Employers may establish policies that prohibit employees from participating in dating and sexual relationships that create a conflict of interest (e.g., between a supervisor and a subordinate), to reduce exposure to sexual harassment claims and to prevent harm to employee morale that may result from perceived favoritism. Notice to employees of this policy is highly advisable. However, an employer may not discipline or otherwise penalize an employee for engaging in a private relationship where there is no genuine conflict of interest. Thus, where two employees wish to date and have no supervisory authority over one another, typically the relationship may not be prohibited, absent proof that the relationship actually interferes with the employees’ ability to perform their jobs.
California prohibits discrimination based on an individual’s marital status, which is broadly defined in the California Code Regulations. 2 Cal. Code Regs. §7292.1(a). There are three ways in which an employee or applicant may attempt to show discrimination based upon his or her marital status: 1) the fact that the applicant or employee is not married; 2) an applicant’s or employee’s “single” or “married” status; or 3) the employment or lack of employment of an applicant’s or employee’s spouse. However, employers do have the right, when employing a married couple, to refuse to place both spouses in the same department, division, or facility if the work involves potential conflicts of interest which are greater for married employees. Policies unconditionally prohibiting employees from being married to one another may violate the law, although most interpretations of this law still permit employers to prohibit a married couple from working in a supervisor/subordinate relationship.
Generally, it is a crime for any person, intentionally and without the consent of all parties to a confidential communication, to eavesdrop on or record the communication by means of any electronic, amplification, or recording device. This prohibition applies to personal conversations
as well as telephonic communications. Put simply, the law generally prohibits people from tape recording conversations without the permission of everyone in the conversation. Penal Code §632.
On the other hand, employers may legally monitor and record business-related telephone conversations of employees who deal with the public, such as salespersons and customer service personnel. Prior notice to everyone involved in the conversations is required.
Video surveillance of public areas in the workplace is generally permissible. Employers may also conduct surveillance of specific workers when there is a basis for suspicion for prohibitive conduct. However, the key is to gauge the employee’s reasonable expectation of privacy in the area to be recorded. Employers may use undercover security agents posing as fellow employees or as customers, but any surveillance must be limited to non-private areas.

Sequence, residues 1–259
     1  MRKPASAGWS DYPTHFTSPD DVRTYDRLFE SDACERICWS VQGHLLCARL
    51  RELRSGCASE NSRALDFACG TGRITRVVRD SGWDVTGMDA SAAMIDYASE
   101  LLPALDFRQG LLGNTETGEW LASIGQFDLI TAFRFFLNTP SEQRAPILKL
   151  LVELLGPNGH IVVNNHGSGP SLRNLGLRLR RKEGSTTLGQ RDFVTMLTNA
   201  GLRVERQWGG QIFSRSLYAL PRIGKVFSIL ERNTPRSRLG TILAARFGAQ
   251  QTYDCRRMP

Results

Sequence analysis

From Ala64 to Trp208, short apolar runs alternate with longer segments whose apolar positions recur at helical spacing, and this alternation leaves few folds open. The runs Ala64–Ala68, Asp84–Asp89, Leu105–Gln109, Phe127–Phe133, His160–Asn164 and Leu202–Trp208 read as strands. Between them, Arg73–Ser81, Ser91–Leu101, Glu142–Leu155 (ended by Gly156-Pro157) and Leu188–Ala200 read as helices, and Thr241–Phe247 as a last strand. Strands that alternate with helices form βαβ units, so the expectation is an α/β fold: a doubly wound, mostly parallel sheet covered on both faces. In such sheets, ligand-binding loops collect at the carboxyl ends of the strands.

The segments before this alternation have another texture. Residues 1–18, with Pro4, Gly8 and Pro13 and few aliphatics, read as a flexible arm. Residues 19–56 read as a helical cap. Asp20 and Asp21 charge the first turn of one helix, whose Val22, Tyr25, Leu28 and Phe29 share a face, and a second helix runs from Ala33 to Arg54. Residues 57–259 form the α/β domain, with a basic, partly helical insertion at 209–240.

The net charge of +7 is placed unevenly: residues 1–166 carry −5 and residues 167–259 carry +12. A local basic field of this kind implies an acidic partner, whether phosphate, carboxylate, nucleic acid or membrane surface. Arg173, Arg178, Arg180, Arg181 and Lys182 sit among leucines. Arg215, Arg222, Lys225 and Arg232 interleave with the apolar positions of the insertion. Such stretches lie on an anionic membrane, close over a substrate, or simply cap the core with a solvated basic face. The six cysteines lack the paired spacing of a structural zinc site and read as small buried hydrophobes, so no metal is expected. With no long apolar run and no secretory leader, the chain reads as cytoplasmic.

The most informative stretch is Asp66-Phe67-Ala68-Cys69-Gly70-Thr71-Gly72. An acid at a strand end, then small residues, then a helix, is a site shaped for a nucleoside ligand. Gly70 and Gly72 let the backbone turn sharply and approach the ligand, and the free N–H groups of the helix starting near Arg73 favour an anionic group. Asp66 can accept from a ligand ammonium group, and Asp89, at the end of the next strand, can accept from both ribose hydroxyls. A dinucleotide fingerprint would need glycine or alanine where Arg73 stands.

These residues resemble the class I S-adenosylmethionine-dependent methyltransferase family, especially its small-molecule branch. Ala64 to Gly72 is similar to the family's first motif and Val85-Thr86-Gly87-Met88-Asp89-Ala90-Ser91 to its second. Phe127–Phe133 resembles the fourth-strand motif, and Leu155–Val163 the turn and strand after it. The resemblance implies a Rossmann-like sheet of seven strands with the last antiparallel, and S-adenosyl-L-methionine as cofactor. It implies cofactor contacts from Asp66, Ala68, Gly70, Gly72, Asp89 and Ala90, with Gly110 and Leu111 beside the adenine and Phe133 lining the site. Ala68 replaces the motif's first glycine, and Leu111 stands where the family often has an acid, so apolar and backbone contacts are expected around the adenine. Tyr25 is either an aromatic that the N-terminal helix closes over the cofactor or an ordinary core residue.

Video surveillance in restrooms, locker rooms, or other similar private areas is prohibited unless authorized by court order. Labor Code §435.
The California Confidentiality of Medical Information Act strictly limits an employer’s use and disclosure of employee medical information. An employer must establish appropriate procedures to ensure the confidentiality of employee medical information and its protection from
unauthorized use and disclosure. Civil Code §56.20(a). Such procedures may include instructions regarding confidentiality to employees handling files, or the use of security systems to restrict access to such files.
Further, the California Health and Safety Code precludes employers from testing applicants and employees for AIDS/HIV, as well as from making employment decisions based on such tests. Health & Safety Code §120980(f). The law subjects the employer to liability for unauthorized disclosure of these test results, and where an employer demands such a test and terminates the employee who refuses, the employer may be liable in a wrongful termination suit.
Any applicant for employment may be drug tested without a showing of cause so long as the employer tests all applicants in the same job category. Even if the applicant puts off the drug test until after beginning work, this rule still applies. However, privacy laws prohibit an employer from requiring current employees to be tested for drug use unless the employee is working in a safety-sensitive position or the employer has reasonable suspicion that the employee has violated the employer’s drug policy. Current employees are protected from generalized testing even if they experience a change in employment status, such as a promotion.
Random drug testing of current employees in safety-sensitive positions is permissible, but advance notice of the random drug testing policy should be given.
California has a Social Security number privacy legislation intended to thwart identity theft. Civil Code §§1798.85 et seq. Pursuant to these laws, all persons and entities, including employers, are prohibited from:
products or services provided by the employer—including insurance cards, employee identification cards, security badges, and similar identification tools;
A Social Security number that is permitted to be mailed cannot be sent on a postcard or other mailer not requiring an envelope, or where the number is visible on the envelope or without the envelope being opened.
While the employee cannot waive these rights, the law has two exceptions applicable to employers (Civil Code §1798.85(b)-(c)):